About MA vs. PhD: I faced similar uncertainties as an applicant three years ago—am I competitive enough or ready for a PhD?—and decided to both apply to PhDs that were BA-friendly and MA programs. I ended up only getting admitted to my MA program, and going to my MA program it turned out to be the best thing I could have done at the time. It helped me quell the doubts as to whether or not I truly wanted (or was ready for) a PhD, helped me find my subfield, and gave me the experience I needed to be a more competitive applicant. But in the interest of full disclosure, I was funded, so that made my decision easier.

So my advice is to try for some PhD programs, but throw a couple of terminal MAs in there, too; if nothing else, your MA schools can be your "safety" schools, where you'll have a better chance of being admitted.

EDIT/P.S.: If you play your cards right, also note that an MA need not slow down your progress to degree. Though I took two years to do my master's, the exposure I got to ideas and even some of the reading I did has given me a leg-up on my PhD and made it more likely that I'll actually finish in 4 years. Something else to chew on.

Edited by runonsentence
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I'm a little bit of an oddball as I started out applying to MFA programs, only to decide switch to the MA Lit program at my school after the first year. Perhaps it is because of my experiences, but I can't imagine going straight into a PHD program from my BA. I know that some people do a lot of research as undergrads, but I didn't, and when I showed up at grad school I had no idea what kind of work I would eventually want to do (Again, I was dead-set on writing fiction, so things do change). Getting the MA separate from the PhD allows you too avoid too much academic incest - I don't want to only learn from one group of faculty, and I'm not convinced that it would benefit anyone to do so.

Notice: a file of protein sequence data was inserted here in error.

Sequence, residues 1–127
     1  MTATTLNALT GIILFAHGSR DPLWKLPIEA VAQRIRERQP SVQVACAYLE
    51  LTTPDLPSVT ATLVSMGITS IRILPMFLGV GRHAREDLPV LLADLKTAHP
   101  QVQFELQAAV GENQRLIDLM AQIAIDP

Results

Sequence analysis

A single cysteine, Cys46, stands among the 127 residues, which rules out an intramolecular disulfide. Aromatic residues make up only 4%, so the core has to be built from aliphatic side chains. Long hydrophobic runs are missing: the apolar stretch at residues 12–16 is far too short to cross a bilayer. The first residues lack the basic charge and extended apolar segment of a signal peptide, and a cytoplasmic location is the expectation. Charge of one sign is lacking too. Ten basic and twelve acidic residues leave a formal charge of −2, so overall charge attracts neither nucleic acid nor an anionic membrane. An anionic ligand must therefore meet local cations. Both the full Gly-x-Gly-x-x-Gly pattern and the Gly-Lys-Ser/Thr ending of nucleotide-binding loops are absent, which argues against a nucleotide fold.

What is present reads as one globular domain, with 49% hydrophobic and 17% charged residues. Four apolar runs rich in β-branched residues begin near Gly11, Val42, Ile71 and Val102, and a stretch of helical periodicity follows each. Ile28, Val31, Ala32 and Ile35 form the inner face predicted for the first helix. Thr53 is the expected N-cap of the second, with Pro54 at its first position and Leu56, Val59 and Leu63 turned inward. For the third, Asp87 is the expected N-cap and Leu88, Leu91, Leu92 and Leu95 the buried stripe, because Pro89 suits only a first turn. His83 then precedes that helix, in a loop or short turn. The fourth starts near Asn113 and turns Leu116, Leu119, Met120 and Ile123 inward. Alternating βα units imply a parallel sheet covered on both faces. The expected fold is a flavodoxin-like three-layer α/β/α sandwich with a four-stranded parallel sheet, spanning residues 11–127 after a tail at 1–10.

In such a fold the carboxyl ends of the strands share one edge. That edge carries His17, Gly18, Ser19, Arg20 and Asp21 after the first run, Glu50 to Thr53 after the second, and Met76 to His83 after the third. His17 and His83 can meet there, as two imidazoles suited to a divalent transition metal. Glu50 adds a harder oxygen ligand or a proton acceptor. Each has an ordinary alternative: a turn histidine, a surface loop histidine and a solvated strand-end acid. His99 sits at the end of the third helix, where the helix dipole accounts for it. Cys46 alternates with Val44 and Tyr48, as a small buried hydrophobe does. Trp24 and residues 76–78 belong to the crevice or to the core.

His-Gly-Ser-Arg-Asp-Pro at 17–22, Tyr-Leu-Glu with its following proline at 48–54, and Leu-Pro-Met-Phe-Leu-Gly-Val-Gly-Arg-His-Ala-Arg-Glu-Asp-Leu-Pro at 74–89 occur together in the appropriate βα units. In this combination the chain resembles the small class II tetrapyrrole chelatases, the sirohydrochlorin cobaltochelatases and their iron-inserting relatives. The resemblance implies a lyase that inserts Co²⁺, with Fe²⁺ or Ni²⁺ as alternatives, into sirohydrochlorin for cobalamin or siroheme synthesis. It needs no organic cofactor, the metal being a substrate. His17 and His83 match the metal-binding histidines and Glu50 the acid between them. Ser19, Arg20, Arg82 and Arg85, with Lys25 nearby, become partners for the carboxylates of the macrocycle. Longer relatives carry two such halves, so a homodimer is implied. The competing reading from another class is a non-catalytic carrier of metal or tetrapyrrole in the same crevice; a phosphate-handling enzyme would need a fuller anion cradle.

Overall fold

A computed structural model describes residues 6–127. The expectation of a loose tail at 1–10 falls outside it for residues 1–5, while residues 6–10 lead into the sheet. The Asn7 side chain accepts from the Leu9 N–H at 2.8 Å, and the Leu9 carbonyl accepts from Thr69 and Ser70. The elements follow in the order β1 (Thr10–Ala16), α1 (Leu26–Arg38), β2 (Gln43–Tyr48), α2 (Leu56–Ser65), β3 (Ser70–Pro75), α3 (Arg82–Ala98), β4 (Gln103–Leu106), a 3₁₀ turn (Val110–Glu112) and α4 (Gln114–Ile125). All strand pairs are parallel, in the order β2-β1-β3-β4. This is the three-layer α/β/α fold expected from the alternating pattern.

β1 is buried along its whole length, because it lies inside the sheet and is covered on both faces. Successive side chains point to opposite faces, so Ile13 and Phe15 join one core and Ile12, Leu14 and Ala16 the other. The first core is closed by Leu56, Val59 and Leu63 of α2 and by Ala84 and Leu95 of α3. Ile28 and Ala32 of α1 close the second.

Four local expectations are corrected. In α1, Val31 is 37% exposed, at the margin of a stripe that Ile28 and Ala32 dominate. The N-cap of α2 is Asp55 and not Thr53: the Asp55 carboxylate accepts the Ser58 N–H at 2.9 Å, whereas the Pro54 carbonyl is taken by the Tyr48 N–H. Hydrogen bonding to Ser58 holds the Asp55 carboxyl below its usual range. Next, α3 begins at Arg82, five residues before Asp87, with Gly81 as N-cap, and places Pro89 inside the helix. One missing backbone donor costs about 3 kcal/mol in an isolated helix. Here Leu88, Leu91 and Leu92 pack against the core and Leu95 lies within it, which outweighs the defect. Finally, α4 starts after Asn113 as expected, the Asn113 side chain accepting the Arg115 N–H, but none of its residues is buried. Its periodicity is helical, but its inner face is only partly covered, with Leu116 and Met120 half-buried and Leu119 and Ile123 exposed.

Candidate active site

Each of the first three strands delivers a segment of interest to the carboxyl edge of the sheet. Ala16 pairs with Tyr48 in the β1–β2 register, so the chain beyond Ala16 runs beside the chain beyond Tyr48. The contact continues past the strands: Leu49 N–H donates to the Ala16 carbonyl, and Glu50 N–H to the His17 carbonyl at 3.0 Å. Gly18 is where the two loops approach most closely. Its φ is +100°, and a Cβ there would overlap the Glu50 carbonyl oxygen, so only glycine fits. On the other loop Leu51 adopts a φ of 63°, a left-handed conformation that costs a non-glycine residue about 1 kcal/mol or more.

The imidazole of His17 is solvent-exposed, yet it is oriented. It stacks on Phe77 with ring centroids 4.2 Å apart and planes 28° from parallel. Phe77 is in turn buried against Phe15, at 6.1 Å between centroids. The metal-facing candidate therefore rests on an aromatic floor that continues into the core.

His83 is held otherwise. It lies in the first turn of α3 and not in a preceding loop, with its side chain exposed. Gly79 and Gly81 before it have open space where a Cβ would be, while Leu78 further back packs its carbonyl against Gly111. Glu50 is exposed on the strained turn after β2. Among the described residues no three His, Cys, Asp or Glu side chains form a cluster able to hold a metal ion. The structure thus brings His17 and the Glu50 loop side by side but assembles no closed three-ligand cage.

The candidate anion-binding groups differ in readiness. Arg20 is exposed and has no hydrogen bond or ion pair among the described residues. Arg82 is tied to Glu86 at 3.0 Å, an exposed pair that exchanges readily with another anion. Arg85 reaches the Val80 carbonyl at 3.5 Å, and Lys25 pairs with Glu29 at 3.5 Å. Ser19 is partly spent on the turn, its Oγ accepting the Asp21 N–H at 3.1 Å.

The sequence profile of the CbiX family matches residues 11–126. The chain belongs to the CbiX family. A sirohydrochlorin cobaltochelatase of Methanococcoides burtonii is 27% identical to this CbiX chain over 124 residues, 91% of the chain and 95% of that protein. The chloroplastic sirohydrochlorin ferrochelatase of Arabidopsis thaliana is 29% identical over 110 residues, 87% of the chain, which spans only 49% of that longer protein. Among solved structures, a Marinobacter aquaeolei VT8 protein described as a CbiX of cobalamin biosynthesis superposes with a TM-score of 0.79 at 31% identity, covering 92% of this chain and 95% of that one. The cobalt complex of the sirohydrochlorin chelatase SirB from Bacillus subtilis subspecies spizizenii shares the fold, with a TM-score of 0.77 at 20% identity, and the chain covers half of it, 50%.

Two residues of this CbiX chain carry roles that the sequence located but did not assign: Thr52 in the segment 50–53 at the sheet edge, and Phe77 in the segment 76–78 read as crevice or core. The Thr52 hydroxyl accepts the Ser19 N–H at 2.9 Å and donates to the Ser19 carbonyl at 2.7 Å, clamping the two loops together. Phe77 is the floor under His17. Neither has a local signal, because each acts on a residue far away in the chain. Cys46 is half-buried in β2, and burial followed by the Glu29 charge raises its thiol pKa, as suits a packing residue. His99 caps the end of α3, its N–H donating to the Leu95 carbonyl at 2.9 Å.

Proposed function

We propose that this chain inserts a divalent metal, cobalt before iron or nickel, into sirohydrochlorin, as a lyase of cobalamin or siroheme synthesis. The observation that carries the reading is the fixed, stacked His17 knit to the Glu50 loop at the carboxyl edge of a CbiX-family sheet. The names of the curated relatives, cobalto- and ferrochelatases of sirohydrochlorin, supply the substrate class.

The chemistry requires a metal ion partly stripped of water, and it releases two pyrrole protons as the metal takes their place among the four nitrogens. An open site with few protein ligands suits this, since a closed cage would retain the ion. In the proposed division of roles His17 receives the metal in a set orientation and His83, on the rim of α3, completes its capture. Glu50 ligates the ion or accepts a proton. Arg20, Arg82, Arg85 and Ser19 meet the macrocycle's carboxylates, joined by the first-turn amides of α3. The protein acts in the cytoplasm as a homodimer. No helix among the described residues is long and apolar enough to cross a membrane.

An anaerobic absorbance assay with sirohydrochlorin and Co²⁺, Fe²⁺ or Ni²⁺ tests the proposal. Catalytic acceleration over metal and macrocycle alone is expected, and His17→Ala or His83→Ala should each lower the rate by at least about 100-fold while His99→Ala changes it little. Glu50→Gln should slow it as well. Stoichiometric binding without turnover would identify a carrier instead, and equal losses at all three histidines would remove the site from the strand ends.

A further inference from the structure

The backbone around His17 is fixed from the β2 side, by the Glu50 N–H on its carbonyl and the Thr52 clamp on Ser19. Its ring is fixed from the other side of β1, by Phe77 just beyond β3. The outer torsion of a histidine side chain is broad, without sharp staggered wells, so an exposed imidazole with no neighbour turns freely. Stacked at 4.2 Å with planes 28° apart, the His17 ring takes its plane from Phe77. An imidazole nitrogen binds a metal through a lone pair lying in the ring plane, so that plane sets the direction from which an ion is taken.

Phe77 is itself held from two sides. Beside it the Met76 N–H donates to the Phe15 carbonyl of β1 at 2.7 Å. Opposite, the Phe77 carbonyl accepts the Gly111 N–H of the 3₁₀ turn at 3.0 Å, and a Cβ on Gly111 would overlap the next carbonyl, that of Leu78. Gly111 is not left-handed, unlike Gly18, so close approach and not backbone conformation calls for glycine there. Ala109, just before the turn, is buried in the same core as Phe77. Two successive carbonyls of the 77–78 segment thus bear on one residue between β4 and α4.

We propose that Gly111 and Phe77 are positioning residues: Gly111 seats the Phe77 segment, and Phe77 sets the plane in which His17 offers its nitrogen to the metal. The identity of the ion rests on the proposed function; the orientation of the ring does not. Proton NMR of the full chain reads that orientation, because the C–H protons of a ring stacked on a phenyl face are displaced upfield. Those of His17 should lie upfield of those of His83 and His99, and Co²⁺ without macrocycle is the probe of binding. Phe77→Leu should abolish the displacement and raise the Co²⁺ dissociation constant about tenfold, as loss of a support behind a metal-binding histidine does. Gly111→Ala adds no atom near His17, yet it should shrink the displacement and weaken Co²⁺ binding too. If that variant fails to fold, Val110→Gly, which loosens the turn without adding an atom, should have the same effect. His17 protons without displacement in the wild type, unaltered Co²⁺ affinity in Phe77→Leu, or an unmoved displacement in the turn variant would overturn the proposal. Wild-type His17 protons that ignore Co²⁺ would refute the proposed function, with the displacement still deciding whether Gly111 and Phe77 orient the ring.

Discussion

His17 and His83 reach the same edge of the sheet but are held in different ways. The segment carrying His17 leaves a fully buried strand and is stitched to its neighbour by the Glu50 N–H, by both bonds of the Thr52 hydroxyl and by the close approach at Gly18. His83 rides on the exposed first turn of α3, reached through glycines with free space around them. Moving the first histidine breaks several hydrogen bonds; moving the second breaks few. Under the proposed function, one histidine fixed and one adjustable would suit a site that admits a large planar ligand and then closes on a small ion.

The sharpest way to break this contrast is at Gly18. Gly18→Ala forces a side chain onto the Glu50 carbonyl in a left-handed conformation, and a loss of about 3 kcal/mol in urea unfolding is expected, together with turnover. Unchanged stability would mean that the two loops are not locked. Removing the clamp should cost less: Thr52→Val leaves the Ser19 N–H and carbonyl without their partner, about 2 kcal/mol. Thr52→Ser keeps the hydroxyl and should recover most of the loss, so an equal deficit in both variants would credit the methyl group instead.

You don't mention your research at all. Getting an MA is a good place to not only see if you can "handle" grad school, but also to figure out what subfield you're interested in and what exactly you want to research.

There are plenty of funded MA programs - you just have to dig. I am fully funded. Paying for an advanced degree in the humanities is a BAD idea unless you are independently wealthy.

Edited by asleepawake
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You don't mention your research at all. Getting an MA is a good place to not only see if you can "handle" grad school, but also to figure out what subfield you're interested in and what exactly you want to research.

I apologize for not mentioning this aspect of my current stance initially; I've done plenty of research to know how grueling it can often be, and have been thinking about whatever struggles or complications I faced during my undergraduate research lately and trying to magnify them several times over to imagine how intense work as a Ph.D. candidate can sometimes be, especially when things aren't working out how one might have thought or hoped they would... At any rate, I have a sufficient background in research (and am currently still pursuing theory-inclined research toward past work already completed, as far as the research segment goes, at least).

I met with my former advisor yesterday, and his advice was to apply to the Ph.D. programs at schools where that is the only option (obviously), but to apply to a significant number of terminal M.A. programs primarily--even at schools where both are offered. He added that for M.A. programs for which some type of funding is expressed as even occasionally given to admitted applicants, definitely apply to the M.A. over Ph.D. program unless there's a pretty defensible reason to do otherwise.

His opinion takes heavily into account the overall lack of funding available at English programs these days, both for M.A. and Ph.D. tracks (although since essentially every worthwhile Ph.D. program ensures funding, that track isn't as much of a concern aside from the ridiculously small numbers of admitted applicants seen at numerous schools in recent years). Since some M.A. programs make it clear that no funding is provided for its admitted students, if such a program is at a school where a Ph.D. is offered separately, go for the Ph.D. He said that paying a little bit of tuition for a one- or two-year master's program isn't the end of the world (I would be fine with this if it were to enter a respected program where I felt I'd succeed and be able to work well).

I'll be following his advice, which everyone should keep in mind was given to me with my specific situation in mind. Other applicants might feel that this approach doesn't suit their individual background, and they're likely right to some extent.

A lot of this guidance seems pretty logical; however, if anyone who's been through an application season already has any advice that refutes it (or advocates it), please share your experience!